How can a sensor for analysing the atmosphere of Mars help us to cut greenhouse emissions on Earth? By going where no human or machine has been before. Parts of our planet are so hostile they are unreachable. But if we are to understand Earth’s atmosphere it is vital we monitor factors such as gases around industrial chimneys and erupting volcanoes.
Ancient Earth might have had an extraterrestrial supply of vitamin B3 delivered by carbon-rich meteorites, according to a new analysis by NASA-funded researchers. The result supports a theory that the origin of life may have been assisted by a supply of key molecules created in space and brought to Earth by comet and meteor impacts.
Using NASA's Kepler Space Telescope, astronomers have discovered the first Earth-size planet orbiting a star in the "habitable zone" -- the range of distance from a star where liquid water might pool on the surface of an orbiting planet. The discovery of Kepler-186f confirms that planets the size of Earth exist in the habitable zone of stars other than our sun.
What lives in the deepest part of the ocean--the abyss? A team of researchers funded by the National Science Foundation (NSF) will use the world's only full-ocean-depth, hybrid, remotely-operated vehicle, Nereus, and other advanced technology to find out. They will explore the Kermadec Trench at the bottom of the Pacific Ocean.
From the rudimentary but effective Apollo Guidance and Navigation System that landed the first humans on the lunar landscape to the code used to manage robotic missions to explore other planets, software has always been at the core of NASA’s mission successes.
Seeking to better understand the composition of the lowermost part of Earth's mantle, located nearly 2,900 kilometers (1,800 miles) below the surface, a team of Arizona State University researchers has developed new simulations that depict the dynamics of deep Earth.
Scientists have discovered a new, persistent structure in Earth’s inner radiation belt using data from the twin NASA Van Allen Probes spacecraft. Most surprisingly, this structure is produced by the slow rotation of Earth, previously considered incapable of affecting the motion of radiation belt particles, which have velocities approaching the speed of light.
The Earth's magnetic field, or magnetosphere, stretches from the planet's core out into space, where it meets the solar wind, a stream of charged particles emitted by the sun. For the most part, the magnetosphere acts as a shield to protect the Earth from this high-energy solar activity.
How life arose from the toxic and inhospitable environment of our planet billions of years ago remains a deep mystery. Researchers have simulated the conditions of an early Earth in test tubes, even fashioning some of life's basic ingredients. But how those ingredients assembled into living cells, and how life was first able to generate energy, remain unknown.
We live in a galaxy known as the Milky Way – a vast conglomeration of 300 billion stars, planets whizzing around them, and clouds of gas and dust floating in between.
In the giant system that connects Earth to the sun, one key event happens over and over: solar material streams toward Earth and the giant magnetic bubble around Earth, the magnetosphere helps keep it at bay.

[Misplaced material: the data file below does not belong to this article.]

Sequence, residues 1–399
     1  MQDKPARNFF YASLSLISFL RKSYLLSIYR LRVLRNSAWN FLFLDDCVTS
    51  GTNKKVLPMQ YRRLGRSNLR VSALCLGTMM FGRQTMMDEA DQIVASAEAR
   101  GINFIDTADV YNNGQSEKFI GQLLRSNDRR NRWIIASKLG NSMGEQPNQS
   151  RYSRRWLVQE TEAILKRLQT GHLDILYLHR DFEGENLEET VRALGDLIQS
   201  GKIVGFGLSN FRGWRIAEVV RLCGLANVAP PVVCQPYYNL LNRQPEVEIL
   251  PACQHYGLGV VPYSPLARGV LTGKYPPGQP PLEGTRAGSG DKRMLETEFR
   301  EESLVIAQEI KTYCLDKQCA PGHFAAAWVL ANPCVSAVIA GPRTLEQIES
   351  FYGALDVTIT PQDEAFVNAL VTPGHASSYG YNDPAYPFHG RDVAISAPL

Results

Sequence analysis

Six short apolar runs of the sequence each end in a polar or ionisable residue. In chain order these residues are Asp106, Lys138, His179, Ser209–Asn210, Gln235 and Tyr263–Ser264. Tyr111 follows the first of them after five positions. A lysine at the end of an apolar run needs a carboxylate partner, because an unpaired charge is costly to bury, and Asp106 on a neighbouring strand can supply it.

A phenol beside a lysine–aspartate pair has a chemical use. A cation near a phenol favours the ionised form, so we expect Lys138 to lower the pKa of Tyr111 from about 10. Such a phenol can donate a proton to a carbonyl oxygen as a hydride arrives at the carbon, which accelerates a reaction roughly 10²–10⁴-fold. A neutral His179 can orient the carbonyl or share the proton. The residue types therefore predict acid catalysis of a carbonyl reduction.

With the help of a tiny fragment of zircon extracted from a remote rock outcrop in Australia, the picture of how our planet became habitable to life about 4.4 billion years ago is coming into sharper focus.
Growing industrialization threatens the deep ocean's ecosystems, considered key to the health of the planet.
Earlier this month, NASA's Lunar Atmosphere and Dust Environment Explorer (LADEE) observatory successfully downlinked images of the moon and stars taken by onboard camera systems, known as star trackers. This is the first time the LADEE team commanded the spacecraft to send these pictures back to Earth.
A comet heading towards Earth threatens humanity’s existence – that was the virtual scenario of this year’s Zero Robotics tournament. Secondary-school students from across Europe controlled miniature satellites on the International Space Station in a competition to save our planet.
Why did life forms first begin to get larger and what advantage did this increase in size provide? UCLA biologists working with an international team of scientists examined the earliest communities of large multicellular organisms in the fossil record to help answer this question.
By studying the star around which the planet revolves, they found that the star's rotation appears to be well-aligned with the planetary movement. The object can be well-studied because the star is relatively bright, it can be seen if strong binoculars are used.
Eighth graders didn't have Facebook or Twitter to share news back then, in January 2004. Bekah Sosland, 14 at the time, learned about a NASA rover landing on Mars when the bouncing-ball video on the next morning's Channel One news in her Fredericksburg, Texas, classroom caught her eye.
Earth's crust was unstable in the Archean eon and dripped down into the mantle
Model calculations indicate that the extreme density of the base of the thickened primary crust caused it to subside into Earth's mantle.
New research published in the journal Nature resolves decades of scientific controversy over the origin of the extremely energetic particles known as ultra-relativistic electrons in the Earth's near-space environment and is likely to influence our understanding of planetary magnetospheres throughout the universe.